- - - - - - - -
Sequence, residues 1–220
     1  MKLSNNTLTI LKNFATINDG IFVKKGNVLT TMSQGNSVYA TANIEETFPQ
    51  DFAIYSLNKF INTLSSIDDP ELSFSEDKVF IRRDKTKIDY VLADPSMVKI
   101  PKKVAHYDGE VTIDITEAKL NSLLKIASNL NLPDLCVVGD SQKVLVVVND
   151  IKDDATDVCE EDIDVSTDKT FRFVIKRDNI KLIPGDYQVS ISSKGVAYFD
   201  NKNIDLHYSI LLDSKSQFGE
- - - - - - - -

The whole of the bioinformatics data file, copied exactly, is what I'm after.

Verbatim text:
Sequence, residues 1–220
     1  MKLSNNTLTI LKNFATINDG IFVKKGNVLT TMSQGNSVYA TANIEETFPQ
    51  DFAIYSLNKF INTLSSIDDP ELSFSEDKVF IRRDKTKIDY VLADPSMVKI
   101  PKKVAHYDGE VTIDITEAKL NSLLKIASNL NLPDLCVVGD SQKVLVVVND
   151  IKDDATDVCE EDIDVSTDKT FRFVIKRDNI KLIPGDYQVS ISSKGVAYFD
   201  NKNIDLHYSI LLDSKSQFGE